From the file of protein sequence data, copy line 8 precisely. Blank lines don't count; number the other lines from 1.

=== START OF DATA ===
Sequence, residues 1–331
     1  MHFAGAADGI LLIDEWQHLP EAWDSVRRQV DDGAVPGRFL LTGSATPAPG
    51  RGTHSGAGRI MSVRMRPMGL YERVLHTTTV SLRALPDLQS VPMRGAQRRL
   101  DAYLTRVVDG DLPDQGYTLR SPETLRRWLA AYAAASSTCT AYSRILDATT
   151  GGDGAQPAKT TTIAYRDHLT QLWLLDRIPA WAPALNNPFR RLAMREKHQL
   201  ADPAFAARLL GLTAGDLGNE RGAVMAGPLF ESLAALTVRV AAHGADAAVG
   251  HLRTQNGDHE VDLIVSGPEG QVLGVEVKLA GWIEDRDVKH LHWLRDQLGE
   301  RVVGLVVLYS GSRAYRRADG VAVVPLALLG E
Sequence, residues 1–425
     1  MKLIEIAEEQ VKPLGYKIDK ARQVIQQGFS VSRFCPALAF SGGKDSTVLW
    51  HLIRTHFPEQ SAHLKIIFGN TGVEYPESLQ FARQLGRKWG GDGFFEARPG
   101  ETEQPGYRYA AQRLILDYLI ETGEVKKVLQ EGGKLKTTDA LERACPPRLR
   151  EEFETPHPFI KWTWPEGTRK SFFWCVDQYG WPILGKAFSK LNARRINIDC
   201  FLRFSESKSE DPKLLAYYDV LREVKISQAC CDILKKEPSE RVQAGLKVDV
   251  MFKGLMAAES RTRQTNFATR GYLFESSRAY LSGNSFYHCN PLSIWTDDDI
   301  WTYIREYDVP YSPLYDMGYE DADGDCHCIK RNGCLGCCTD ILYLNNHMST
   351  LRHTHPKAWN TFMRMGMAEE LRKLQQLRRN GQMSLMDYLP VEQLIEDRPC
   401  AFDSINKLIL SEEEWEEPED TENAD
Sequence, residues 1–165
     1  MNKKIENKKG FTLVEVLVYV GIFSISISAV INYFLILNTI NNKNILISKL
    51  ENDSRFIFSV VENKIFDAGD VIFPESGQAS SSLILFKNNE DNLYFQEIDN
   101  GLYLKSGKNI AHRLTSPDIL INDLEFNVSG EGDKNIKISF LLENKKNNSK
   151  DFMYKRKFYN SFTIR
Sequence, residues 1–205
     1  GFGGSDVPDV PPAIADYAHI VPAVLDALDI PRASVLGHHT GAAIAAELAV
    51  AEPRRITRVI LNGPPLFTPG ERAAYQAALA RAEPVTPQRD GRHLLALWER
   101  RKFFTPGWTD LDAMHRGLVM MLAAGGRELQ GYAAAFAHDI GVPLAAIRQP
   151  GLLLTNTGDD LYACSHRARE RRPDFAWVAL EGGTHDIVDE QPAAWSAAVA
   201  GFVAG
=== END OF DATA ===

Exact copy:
   301  RVVGLVVLYS GSRAYRRADG VAVVPLALLG E